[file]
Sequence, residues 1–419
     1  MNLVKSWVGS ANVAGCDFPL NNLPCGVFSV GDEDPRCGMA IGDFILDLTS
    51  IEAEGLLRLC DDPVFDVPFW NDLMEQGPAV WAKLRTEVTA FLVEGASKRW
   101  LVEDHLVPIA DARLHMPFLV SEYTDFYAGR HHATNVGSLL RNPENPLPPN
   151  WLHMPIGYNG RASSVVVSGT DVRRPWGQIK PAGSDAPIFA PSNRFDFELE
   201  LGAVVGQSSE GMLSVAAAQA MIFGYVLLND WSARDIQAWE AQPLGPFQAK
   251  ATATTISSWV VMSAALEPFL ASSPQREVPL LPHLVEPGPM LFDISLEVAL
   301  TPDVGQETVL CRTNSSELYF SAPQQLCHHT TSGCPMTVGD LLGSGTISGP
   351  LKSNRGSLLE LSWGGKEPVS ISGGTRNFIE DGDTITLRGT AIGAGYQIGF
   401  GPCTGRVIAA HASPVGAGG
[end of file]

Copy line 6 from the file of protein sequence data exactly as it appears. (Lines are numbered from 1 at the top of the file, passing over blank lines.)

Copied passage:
   201  LGAVVGQSSE GMLSVAAAQA MIFGYVLLND WSARDIQAWE AQPLGPFQAK